I hear Diana Moukalled‘s point about Big Media dehumanizing the victims of last week’s Beirut car bombing. Western coverage emphasized the location: Bir Al-Abed, a Hezbollah “stronghold,’ and nothing more.
The foreign press corps in Israel has a similar instinct to dehumanize victims of Palestinian terror when the casualties are settlers.
Moukalled could just as easily be talking about, for example, Evyatar Borovsky (most recent), the Fogel family (most numbing), or Yitzhak and Talya Imes — who, along with two other Beit Haggai residents, were murdered in a roadside ambush. I could go on. It’s an unfortunately long list.
The stories of the dead seemed to be of no value because the bombardment occurred at a moment when feelings of hatred were at their peak. The victims’ souls evaporated, unseen among the flames. This even pushed some to be overtly overjoyed at what was happening, and they even failed to conceal their desire for revenge.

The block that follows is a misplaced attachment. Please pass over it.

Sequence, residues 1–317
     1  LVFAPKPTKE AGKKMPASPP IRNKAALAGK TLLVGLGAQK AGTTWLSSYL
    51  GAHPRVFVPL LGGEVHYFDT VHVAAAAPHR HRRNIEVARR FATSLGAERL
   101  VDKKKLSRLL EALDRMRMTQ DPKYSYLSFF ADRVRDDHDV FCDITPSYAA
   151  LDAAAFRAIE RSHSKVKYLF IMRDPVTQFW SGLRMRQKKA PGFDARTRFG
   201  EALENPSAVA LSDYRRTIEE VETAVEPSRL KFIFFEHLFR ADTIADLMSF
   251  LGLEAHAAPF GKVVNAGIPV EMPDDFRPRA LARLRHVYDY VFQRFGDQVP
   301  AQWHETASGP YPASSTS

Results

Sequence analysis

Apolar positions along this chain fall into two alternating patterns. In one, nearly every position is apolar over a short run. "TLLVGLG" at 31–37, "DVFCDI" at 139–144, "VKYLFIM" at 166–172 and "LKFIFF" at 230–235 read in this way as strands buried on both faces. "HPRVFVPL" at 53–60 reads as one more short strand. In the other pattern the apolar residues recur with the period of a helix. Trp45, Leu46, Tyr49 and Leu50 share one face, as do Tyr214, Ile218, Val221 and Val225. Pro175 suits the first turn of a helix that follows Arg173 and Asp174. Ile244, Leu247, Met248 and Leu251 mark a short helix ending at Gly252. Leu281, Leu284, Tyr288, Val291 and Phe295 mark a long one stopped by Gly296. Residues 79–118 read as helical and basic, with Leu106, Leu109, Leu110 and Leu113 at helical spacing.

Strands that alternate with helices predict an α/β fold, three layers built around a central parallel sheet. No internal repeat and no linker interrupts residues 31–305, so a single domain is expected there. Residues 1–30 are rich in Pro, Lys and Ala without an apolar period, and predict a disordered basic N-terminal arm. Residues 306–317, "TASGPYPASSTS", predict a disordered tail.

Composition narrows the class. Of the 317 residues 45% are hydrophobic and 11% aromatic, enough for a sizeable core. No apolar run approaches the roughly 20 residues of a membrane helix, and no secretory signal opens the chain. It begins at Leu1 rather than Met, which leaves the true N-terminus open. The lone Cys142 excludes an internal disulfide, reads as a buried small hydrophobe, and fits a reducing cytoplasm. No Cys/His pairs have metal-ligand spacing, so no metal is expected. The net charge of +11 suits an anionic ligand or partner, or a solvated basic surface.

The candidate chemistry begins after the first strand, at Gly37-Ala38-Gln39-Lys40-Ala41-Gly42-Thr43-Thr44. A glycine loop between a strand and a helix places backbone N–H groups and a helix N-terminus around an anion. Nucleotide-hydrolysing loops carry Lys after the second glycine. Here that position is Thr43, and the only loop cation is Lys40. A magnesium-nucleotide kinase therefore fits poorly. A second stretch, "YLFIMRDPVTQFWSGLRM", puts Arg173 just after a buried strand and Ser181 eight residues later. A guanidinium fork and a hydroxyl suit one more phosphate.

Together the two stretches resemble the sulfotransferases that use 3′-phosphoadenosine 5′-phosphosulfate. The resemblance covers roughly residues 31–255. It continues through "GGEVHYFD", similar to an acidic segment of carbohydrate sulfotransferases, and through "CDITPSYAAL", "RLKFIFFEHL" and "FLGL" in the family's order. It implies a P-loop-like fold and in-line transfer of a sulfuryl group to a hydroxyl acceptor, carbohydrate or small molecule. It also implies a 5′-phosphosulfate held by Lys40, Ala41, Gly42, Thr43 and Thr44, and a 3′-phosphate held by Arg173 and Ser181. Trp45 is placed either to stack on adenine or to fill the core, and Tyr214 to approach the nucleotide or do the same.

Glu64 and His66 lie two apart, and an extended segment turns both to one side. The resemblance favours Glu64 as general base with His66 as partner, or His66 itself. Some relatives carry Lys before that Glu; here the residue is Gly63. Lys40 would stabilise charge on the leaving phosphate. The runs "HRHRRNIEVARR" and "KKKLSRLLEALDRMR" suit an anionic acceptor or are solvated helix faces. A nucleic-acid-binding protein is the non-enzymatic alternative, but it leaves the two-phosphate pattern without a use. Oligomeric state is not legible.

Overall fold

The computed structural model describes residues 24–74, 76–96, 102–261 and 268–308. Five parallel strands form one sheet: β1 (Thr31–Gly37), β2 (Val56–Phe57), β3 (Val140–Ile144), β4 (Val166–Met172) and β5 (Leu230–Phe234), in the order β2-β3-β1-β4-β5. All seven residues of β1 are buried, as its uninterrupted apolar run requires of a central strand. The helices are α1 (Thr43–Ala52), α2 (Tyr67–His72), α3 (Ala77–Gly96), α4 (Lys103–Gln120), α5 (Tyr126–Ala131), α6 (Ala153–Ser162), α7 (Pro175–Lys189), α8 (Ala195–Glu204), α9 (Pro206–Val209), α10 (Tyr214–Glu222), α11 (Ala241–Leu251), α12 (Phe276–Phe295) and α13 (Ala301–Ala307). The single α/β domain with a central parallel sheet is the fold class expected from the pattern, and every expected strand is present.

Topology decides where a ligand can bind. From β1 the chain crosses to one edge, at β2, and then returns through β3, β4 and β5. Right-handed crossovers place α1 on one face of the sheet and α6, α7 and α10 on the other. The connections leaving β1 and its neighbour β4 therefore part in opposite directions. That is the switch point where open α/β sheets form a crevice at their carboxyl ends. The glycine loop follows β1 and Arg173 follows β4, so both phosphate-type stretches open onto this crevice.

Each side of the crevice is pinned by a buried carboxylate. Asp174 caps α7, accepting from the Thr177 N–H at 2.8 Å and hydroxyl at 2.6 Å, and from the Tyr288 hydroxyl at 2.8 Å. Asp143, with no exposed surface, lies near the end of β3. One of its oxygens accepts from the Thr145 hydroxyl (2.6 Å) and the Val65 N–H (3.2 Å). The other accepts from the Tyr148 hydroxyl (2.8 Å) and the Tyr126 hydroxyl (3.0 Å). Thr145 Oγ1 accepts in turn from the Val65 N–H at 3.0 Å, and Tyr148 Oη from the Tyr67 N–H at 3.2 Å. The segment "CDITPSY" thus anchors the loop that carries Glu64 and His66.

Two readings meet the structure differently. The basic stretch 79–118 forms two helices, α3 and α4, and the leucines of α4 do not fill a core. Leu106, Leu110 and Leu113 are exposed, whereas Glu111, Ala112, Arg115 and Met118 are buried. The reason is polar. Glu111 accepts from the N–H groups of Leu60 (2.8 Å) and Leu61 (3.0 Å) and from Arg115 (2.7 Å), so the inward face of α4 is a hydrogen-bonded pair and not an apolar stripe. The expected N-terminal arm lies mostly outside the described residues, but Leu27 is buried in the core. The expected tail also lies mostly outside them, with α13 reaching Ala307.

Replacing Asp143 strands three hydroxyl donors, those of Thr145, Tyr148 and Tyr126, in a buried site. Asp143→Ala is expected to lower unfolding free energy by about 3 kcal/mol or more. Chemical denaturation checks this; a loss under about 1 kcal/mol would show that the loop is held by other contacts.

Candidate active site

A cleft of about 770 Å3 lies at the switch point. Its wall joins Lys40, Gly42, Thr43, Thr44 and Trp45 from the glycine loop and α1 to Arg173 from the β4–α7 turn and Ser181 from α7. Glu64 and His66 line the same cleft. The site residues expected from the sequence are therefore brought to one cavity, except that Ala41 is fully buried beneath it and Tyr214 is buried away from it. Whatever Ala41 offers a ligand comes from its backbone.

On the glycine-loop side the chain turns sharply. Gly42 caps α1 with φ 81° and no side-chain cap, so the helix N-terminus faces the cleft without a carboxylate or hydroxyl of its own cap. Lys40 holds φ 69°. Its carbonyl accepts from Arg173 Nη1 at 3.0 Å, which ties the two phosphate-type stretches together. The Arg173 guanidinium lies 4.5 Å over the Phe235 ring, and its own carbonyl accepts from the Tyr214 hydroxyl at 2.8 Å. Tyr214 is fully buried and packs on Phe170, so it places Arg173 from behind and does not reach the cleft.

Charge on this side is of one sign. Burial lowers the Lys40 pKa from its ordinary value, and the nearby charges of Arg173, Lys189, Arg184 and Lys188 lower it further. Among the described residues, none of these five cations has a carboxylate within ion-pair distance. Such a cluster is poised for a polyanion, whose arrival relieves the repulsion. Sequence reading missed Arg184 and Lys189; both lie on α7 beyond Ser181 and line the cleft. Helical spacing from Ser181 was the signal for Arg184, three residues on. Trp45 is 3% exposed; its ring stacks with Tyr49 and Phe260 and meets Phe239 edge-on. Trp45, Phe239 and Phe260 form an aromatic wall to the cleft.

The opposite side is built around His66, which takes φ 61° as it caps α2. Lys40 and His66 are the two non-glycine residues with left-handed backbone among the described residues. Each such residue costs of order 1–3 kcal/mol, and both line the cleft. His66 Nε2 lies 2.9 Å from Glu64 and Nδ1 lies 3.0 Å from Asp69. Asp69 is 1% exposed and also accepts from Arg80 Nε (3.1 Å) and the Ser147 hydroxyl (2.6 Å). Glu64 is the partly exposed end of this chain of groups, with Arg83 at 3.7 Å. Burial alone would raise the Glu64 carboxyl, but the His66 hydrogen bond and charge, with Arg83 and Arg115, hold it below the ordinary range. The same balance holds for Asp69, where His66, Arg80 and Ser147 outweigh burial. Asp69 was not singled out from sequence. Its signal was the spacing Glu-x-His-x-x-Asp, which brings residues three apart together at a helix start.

There have been crazy calls for more killings around us. The scenes coming from the streets of Egypt, Iraq and Syria are full of anonymous victims. Now it is Beirut’s turn, and the title this time is Hezbollah, not those whose bodies were torn into pieces by the explosives.
In light of all this death, there is no room, or even a slight desire, to distinguish between targeting innocent civilians and political quarrels. This happens every day, until we all became desensitized and the desire for revenge and anticipation of the death of our opponents have surpassed any other human value.
It doesn’t have to be this way, and I hope some foreign journalists take a long, hard look in the mirror.
Read the whole commentary: Their identities were taken with their lives.